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Nature News
by Marlene Harris


Winter 2001   —   New Provincial Park for Northern Quebec

The National Post reported (last fall) that the Quebec government was, at that time, to endorse creation of the province’s first provincial park in the Far North. Located 1800 km north of Montreal, the proposed park site is a crater, created over one million years ago, as a result of a meteor, estimated to have been 8500 times more explosive than the bomb which destroyed Hiroshima. The crater today is approximately 3½ km around and contains some of the purest water on Earth.

The area has been studied since the ‘60s and the findings have shown that the formation, almost completely symmetrical, encloses a lake of tasteless, colorless absolutely pure water, low in mineral and organic content. The lake is more or less a closed basin, renewing its water only about once every 330 years.

This crater was known only to the Inuit of the region until the ‘40s when pilots began spotting the remarkable site. Otherwise, the site has sat in splendid isolation. Until now. Public hearings were scheduled (according to the Post article) in November in the tiny Inuit community nearest the crater. Issues were to include proposed routes into the park, setting borders, etc. And as the site is located close to Falconbridge's Raglan nickel mine, within a mineral–rich area, the residents would have to decide if they were willing to give up on future development for conservation.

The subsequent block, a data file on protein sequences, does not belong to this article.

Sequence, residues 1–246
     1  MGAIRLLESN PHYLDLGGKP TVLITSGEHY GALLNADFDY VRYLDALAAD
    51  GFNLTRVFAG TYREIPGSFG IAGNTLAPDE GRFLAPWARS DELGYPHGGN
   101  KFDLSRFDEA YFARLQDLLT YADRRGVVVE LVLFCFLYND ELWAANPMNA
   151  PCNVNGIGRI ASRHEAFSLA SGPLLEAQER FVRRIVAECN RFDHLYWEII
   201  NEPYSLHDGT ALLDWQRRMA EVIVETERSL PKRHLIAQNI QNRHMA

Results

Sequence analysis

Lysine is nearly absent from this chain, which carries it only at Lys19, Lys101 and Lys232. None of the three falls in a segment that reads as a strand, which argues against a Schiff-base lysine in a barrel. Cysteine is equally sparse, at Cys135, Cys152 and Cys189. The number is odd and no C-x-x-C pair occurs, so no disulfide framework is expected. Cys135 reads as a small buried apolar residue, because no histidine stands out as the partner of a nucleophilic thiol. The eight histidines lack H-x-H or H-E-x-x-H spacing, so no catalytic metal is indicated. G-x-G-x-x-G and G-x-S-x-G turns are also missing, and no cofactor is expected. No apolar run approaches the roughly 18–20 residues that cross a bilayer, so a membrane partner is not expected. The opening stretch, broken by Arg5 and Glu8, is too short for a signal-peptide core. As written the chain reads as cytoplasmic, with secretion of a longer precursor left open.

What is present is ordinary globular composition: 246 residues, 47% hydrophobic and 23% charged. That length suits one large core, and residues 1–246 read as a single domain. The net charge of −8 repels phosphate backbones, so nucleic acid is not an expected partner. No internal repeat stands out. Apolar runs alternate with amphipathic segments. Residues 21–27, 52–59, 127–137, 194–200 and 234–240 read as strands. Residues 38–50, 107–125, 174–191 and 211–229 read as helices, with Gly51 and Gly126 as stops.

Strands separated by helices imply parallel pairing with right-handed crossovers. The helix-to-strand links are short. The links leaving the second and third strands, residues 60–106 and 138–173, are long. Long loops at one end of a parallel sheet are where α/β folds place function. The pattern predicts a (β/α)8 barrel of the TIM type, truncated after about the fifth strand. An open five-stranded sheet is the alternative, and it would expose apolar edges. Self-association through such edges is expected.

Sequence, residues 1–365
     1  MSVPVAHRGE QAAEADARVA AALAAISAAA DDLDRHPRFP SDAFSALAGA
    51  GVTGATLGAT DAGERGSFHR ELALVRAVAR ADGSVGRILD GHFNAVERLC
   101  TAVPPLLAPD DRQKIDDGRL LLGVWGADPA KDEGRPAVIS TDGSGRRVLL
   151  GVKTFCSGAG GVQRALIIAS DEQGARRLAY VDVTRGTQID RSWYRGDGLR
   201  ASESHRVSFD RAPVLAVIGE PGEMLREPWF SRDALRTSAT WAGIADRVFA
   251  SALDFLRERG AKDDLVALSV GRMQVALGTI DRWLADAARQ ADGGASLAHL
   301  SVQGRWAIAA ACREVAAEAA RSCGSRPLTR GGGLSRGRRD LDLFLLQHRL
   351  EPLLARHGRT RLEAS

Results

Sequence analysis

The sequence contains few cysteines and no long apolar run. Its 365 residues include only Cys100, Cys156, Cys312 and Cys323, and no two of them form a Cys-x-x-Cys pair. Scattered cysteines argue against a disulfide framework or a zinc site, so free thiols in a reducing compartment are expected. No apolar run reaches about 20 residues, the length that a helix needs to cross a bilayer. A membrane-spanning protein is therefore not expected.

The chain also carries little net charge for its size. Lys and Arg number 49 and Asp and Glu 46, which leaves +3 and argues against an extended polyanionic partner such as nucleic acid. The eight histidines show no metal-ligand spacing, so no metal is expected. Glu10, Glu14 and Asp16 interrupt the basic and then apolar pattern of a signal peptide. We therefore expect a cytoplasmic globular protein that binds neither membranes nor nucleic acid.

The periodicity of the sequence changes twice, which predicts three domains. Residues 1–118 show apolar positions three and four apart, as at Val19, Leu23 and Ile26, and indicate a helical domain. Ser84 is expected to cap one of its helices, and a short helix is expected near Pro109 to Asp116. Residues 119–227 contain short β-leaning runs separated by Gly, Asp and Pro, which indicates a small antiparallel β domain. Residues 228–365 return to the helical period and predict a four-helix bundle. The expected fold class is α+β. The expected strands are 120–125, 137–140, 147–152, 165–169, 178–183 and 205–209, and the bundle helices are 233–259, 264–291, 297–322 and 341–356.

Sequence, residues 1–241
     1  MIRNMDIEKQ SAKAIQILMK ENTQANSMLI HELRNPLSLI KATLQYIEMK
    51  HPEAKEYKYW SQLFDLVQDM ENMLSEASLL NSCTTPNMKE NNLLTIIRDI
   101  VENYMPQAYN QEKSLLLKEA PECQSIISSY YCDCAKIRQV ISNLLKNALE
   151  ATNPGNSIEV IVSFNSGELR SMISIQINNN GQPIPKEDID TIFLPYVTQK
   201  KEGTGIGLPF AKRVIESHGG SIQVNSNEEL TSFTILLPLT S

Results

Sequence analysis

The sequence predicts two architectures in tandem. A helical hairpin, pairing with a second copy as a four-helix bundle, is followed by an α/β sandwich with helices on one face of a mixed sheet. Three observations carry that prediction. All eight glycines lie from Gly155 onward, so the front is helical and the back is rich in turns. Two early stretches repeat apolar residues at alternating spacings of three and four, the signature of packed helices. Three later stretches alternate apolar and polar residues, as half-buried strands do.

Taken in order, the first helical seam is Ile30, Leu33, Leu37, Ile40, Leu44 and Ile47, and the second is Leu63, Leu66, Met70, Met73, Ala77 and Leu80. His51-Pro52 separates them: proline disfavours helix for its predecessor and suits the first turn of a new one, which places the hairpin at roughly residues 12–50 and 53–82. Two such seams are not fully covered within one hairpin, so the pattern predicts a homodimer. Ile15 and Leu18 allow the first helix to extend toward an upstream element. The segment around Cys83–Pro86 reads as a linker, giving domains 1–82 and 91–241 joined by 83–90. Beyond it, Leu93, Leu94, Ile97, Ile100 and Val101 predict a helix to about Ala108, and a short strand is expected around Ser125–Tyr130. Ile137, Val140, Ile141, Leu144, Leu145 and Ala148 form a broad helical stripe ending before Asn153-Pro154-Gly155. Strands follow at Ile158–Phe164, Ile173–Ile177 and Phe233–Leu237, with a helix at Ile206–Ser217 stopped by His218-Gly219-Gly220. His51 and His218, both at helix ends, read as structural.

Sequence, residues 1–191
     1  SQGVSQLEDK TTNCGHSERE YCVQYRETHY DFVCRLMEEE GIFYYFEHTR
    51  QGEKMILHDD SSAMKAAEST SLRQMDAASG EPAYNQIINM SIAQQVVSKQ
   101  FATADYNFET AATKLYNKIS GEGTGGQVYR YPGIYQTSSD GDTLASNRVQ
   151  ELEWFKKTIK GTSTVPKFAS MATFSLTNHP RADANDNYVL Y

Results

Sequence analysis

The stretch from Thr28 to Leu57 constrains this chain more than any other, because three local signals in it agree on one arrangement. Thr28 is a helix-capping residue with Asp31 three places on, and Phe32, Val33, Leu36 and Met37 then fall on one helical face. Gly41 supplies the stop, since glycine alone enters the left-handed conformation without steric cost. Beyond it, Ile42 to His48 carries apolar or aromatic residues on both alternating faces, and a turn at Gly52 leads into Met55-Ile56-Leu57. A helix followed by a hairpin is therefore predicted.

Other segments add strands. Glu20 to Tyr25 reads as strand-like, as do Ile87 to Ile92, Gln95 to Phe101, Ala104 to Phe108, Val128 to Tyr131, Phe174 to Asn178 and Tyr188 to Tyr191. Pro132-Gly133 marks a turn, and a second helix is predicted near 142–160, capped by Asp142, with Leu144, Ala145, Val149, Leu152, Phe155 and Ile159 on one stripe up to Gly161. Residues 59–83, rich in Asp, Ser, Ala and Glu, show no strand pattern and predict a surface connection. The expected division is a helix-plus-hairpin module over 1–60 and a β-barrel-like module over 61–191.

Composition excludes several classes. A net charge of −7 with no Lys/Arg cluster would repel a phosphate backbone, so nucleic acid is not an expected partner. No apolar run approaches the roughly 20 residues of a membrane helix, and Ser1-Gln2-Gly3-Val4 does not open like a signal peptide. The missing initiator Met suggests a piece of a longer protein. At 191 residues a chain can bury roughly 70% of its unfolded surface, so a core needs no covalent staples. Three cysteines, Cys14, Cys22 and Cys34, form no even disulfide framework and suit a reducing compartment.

Although the focus of the park would be the crater, there are other interesting points including a 45 km long river canyon, home to gyrfalcons, peregrine falcons and rough–legged hawks, and the "Great Lakes Necklace" of lakes joined by waterways and falls; there is also a series of hills known as the East Fringe Hills. Lemming, caribou, fox and an occasional muskox can be seen and botanists have found over 120 species of vegetation.

The terrain is incredibly rugged and the climate, harsh. Snow can fall anytime, wind and fog are common, and even in summer, the average temperature is only about 5 degrees C. Even so, within two years, the park could be ready to receive its first (hardy) visitors.

(Nothing has been reported on this proposed park since the fall, just prior to the public hearings. It would be interesting to know just what happened and if the proposal was accepted.)


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